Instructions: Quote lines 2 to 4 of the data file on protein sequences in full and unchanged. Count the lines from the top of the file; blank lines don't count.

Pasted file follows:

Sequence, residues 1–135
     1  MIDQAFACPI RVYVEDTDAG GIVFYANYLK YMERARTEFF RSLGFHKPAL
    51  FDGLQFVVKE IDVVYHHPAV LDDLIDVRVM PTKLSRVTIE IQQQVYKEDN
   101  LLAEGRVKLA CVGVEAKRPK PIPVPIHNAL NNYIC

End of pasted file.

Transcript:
     1  MIDQAFACPI RVYVEDTDAG GIVFYANYLK YMERARTEFF RSLGFHKPAL
    51  FDGLQFVVKE IDVVYHHPAV LDDLIDVRVM PTKLSRVTIE IQQQVYKEDN
   101  LLAEGRVKLA CVGVEAKRPK PIPVPIHNAL NNYIC